iFixit: A Lesson in Changing Product Documentation From a Cost Center to a Revenue Generator

Apr 05, 2012


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Content is often thought of as a business expense; a necessary evil, produced because we must, most often without any clear understanding of the value it provides. This makes absolutely no business sense, of course. If we pay to produce something, we should derive value in excess of its production cost. In other words, you company should receive a positive return on investment from its content.

It's actually quite difficult to measure the cost of producing many types of content for a variety of reasons too challenging to explain here. Suffice it to say that if you can't measure the cost, you can't calculate actual value.

If your company makes products, the type that require some assembly, or might need fixing or tuning-up every now and again, I'm going to share with you an approach that can help you turn product content production into a revenue generating machine.

One of the hottest trends today is the 'do-it-yourself' movement. We see this trend everywhere we look. Cable television networks -- HGTV, Food Network, The Learning Channel -- broadcast how-to programs almost non-stop. Magazine publishers are in the game, too. There are literally hundreds of titles published each month dedicated to teaching readers how to make, design, build, maintain, and repair things.

As it turns out, there are a great many things average folks with little repair experience can fix with some guidance. Home improvements, as well as automobile, appliance, and electronics repairs, are common do-it-yourself projects.

Of course, success is directly related to the quality and accessibility of the instructions provided. Anyone who has ever tried to assemble modular furniture or shelving units and gave up after trying to decipher difficult to understand instructions knows exactly what I mean. Instructions for assembly and repair usually suck!

One savvy company, Dozuki, saw opportunity in the do-it-yourself movement and decided to take a fresh approach to solving the problem of less-than-useful product documentation while simultaneously carving out a profitable new business model. Its efforts led to the creation of a free, online community, named iFixit, designed to help mere mortals successfully accomplish great feats of repair while simultaneously selling tools and parts.

Part online catalog, part repair university, this popular site attracts customers by providing some of best repair guides around. They're consistently structured, well-written, and illustrated with large, beautiful photographs. They make repairing smartphones, tablets, laptops, game consoles -- even cars -- seem so unbelievably easy that many people rely on the service to help them fix things on the cheap. It's a brilliant idea that marries the best aspects of community (membership, camaraderie, a sense of belonging) with technical documentation, marketing, and eCommerce.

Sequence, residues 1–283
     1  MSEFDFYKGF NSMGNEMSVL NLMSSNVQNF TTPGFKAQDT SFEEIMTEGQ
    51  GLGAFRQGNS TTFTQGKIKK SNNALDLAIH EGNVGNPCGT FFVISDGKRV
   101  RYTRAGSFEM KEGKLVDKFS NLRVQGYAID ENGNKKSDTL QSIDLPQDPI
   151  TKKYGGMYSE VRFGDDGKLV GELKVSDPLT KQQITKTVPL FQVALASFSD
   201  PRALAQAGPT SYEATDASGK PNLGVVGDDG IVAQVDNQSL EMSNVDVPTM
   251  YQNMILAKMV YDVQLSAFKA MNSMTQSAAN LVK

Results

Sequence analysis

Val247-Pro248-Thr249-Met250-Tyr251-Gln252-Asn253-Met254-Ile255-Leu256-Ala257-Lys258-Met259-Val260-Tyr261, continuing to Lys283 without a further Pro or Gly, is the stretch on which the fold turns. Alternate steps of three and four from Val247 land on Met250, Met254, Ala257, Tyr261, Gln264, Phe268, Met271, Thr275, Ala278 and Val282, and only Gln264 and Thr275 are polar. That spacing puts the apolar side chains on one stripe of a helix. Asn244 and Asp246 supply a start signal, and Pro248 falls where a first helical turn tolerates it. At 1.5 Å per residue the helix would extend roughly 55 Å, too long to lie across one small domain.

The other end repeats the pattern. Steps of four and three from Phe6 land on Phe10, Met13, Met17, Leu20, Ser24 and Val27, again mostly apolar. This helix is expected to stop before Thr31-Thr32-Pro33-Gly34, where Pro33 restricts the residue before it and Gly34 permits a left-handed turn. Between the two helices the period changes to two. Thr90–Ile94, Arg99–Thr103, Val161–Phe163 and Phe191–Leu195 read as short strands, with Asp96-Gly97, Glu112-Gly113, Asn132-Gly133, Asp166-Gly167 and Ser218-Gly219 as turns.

"Early on, we tried to sell products, like PMU boards, without a ton of success," says Kyle Wiens, CEO of iFixit.com. "The need was there, but the expertise wasn't only those who already knew how to replace a PMU board bought one. With Dozuki, we were able to teach people how to install the parts they wanted. That not only increased our target market, but it also allowed us to sell our parts at the point of need."

"Because we focus on teaching people," Wiens says, "we've been on the Inc. 5000 Fastest Growing Company list for the last three years straight and we've empowered over 15 million amateurs to fix complex electronic devices."

Because the site content is written to conform to an XML specification known as oManual, (that the company teamed up with O'Reilly Media to write) it is easily pushed to the iPad, iPhone, iPod Touch and Android-powered devices. The site takes the single-sourcing approach to content reuse to the next level by adhering to their philosophy, "Write it once. Read it everywhere." If a change is made to the content on the iFixit.com site, those changes are immediately made available to those who access the site using mobile devices.

If your product documentation is viewed as a necessary evil, a cost center, or just an afterthought, perhaps it's time to shake things up. Take a look at what the folks at Dozuki and iFixit.com are doing and think about how your organization might use a similar approach. Then, go and start a do-it-yourself revolution in your organization.